Method-induced uncertainty can occur during
Identification. To ascertain the origins of uncertainty in data, domain knowledge is indispensable. Domain experts can assess technical and documentation errors, explain experimental design, distinguish erroneous outliers from meaningful extreme values, and outline data-generating processes.
Modeling: Once identified and characterized, data-generating processes are (often mathematically) modelled. Models may e.g. describe whether missing values occur systematically, whether measurement noise is correlated to observed signals, how uncertainty in parameters can be taken into account, and how uncertainty is propagated within a system. Such models might be simple but at the same time complex enough to account for the relevant characteristics. Uncertainty is often represented by probability distributions (the choice of which again induces uncertainty). If there are several competing models, a most appropriate candidate is chosen via objective (but uncertain) model selection criteria.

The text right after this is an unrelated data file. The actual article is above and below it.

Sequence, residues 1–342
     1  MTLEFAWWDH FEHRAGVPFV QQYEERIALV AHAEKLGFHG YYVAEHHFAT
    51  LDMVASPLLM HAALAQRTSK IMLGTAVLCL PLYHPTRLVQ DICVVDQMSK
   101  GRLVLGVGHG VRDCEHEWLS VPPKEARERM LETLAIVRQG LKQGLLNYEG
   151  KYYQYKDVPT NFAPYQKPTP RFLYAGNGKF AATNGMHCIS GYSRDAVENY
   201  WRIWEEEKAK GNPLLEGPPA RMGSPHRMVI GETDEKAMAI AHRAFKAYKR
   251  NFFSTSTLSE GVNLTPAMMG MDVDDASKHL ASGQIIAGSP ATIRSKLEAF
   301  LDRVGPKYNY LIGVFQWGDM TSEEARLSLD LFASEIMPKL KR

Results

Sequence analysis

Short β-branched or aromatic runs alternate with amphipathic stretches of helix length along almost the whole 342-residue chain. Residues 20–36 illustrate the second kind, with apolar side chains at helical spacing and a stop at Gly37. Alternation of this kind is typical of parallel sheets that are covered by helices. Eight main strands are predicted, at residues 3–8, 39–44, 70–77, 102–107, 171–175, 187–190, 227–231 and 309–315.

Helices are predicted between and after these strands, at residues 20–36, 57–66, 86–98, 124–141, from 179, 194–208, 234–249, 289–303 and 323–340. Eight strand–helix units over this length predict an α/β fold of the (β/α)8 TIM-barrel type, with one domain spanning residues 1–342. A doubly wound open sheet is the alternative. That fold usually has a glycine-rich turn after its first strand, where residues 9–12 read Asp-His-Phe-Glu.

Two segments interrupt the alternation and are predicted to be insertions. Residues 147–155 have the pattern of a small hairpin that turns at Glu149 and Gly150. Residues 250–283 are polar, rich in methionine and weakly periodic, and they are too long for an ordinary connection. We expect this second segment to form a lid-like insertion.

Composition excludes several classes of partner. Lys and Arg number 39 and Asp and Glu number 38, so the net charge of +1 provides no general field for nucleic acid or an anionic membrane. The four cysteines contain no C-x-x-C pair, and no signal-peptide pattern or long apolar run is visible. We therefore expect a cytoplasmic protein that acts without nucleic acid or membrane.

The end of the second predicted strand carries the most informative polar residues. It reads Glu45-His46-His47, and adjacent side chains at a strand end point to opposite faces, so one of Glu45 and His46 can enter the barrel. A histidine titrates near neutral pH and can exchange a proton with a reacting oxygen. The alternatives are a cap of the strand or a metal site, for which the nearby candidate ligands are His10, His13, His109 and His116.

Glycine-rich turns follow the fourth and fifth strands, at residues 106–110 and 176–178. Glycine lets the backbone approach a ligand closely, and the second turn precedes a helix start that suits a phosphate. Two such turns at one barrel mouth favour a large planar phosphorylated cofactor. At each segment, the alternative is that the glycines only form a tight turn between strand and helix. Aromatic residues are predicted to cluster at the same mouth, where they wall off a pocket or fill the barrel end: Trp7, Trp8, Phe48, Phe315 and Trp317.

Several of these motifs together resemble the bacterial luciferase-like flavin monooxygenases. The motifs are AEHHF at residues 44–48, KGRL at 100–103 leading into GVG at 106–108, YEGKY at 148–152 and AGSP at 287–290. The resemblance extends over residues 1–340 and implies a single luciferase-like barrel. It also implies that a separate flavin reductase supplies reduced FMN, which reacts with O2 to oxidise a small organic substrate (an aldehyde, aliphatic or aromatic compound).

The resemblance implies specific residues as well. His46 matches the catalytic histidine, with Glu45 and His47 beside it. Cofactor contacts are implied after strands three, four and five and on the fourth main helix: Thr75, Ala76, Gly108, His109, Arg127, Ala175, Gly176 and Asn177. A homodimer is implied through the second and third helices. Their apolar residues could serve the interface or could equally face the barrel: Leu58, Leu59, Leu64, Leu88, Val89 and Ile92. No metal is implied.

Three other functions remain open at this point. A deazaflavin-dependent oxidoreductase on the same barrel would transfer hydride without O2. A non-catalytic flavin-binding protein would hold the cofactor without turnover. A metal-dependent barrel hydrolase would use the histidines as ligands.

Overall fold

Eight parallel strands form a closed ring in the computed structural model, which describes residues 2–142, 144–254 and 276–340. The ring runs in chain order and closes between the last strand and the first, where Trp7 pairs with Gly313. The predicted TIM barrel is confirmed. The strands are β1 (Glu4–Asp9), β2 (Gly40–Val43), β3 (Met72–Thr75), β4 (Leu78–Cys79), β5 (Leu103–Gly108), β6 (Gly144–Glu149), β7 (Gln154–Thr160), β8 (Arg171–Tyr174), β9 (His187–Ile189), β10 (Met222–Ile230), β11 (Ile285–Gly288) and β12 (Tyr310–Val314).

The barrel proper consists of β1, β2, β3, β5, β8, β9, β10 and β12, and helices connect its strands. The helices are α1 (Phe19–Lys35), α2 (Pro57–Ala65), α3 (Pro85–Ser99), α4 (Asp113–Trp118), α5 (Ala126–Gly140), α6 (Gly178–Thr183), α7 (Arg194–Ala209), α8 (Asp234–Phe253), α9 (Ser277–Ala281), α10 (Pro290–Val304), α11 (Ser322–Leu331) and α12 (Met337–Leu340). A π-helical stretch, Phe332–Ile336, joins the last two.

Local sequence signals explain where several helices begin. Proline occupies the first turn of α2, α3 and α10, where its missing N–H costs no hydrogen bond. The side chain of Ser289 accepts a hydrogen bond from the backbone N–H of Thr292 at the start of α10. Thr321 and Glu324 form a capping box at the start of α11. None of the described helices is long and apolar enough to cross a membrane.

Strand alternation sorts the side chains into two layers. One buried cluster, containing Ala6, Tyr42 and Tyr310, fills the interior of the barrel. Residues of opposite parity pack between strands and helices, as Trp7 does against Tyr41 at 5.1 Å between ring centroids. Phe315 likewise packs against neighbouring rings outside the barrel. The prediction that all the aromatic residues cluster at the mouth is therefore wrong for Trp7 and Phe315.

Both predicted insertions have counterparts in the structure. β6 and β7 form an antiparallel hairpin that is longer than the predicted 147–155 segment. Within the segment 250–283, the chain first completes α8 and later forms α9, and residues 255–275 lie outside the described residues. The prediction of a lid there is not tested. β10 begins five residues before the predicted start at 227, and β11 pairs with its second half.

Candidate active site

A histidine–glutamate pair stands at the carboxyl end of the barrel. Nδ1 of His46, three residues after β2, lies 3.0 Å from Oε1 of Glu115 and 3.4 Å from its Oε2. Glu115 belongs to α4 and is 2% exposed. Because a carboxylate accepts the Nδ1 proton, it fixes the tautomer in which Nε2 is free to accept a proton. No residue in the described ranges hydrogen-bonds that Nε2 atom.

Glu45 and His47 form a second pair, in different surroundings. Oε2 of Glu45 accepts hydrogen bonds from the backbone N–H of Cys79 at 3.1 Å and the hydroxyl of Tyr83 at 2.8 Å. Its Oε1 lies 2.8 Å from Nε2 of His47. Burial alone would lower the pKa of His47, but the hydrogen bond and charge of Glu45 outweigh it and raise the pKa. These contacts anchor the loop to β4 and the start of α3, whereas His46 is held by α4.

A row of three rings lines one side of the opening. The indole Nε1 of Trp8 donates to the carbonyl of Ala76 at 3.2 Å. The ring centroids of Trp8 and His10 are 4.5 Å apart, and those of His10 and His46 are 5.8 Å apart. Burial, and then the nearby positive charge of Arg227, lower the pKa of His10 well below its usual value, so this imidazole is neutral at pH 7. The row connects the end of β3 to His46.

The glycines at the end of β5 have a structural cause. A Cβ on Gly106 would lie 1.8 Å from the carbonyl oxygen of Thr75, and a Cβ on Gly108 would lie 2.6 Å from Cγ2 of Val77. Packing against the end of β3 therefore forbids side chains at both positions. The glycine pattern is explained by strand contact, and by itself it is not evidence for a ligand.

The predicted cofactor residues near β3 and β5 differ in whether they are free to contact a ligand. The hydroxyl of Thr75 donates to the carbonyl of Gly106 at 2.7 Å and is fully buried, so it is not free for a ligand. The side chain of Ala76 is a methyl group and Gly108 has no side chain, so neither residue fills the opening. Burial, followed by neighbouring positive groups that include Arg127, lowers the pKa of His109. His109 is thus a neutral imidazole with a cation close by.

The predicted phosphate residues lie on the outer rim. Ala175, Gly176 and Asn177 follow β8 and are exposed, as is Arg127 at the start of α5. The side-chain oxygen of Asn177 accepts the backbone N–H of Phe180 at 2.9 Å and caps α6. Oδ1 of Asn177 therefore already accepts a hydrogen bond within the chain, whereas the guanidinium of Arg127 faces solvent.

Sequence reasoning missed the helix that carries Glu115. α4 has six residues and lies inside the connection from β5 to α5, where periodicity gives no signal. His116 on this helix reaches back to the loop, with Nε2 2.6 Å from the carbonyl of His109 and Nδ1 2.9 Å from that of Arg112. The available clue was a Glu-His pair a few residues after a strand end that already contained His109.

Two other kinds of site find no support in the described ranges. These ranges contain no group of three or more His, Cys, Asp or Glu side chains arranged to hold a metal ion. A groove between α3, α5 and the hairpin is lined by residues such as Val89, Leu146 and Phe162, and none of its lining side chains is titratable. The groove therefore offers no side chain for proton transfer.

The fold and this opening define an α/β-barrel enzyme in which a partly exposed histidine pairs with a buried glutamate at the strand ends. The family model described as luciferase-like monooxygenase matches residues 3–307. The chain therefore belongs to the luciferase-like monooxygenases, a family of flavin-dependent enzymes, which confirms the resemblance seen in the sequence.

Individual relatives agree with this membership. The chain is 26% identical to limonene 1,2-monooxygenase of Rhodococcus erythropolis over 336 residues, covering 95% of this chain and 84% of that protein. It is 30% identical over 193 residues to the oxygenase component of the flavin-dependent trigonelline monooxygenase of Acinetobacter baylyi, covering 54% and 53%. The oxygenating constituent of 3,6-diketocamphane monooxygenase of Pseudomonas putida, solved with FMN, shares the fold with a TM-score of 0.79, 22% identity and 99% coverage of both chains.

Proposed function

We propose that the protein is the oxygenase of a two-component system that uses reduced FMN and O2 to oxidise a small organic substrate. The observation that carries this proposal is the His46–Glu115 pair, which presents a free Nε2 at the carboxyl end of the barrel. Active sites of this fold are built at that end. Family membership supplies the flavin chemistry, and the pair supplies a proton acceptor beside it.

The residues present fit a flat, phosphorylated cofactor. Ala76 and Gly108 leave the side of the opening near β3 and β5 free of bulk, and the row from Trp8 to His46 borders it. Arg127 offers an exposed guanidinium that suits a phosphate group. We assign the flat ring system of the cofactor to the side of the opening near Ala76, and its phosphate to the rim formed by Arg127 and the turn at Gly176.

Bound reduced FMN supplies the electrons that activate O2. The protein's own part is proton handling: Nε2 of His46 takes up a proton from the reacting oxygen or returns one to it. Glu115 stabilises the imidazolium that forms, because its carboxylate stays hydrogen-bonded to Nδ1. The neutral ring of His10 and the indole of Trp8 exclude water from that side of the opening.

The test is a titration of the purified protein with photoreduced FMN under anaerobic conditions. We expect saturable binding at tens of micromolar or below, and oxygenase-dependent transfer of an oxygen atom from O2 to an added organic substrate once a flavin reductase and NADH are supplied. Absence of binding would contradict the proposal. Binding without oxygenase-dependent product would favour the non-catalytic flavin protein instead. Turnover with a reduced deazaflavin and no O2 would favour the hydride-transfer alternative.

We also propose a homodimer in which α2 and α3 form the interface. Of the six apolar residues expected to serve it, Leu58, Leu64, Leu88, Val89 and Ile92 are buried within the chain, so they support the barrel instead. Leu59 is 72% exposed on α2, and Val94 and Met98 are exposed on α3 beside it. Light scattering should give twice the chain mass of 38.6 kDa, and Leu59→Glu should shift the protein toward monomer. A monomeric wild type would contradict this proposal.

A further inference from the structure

Analysis: Complex statistical analyses can often be performed by stochastic or simulation-based principles and algorithms, e.g. Monte Carlo estimation and Bayesian computing, especially Markov chain Monte Carlo methods. In numerically complex settings, stochastic search algorithms aim to identify global optima. Asymptotics are known for all mentioned approaches; however, in real applications (with non-infinite sample sizes), uncertainty remains concerning e.g. sampling biases or local optima.
Representation: Once the core data analysis is completed, results are communicated e.g. to cooperation partners from different research fields or to the public. Such reports should include a comprehensive assessment of uncertainty, but this aspect if often neglected due to lack of capacity, common language or data literacy competencies. Different understandings of reported results can again be considered as uncertain data, which leads back to the first phase of the cycle.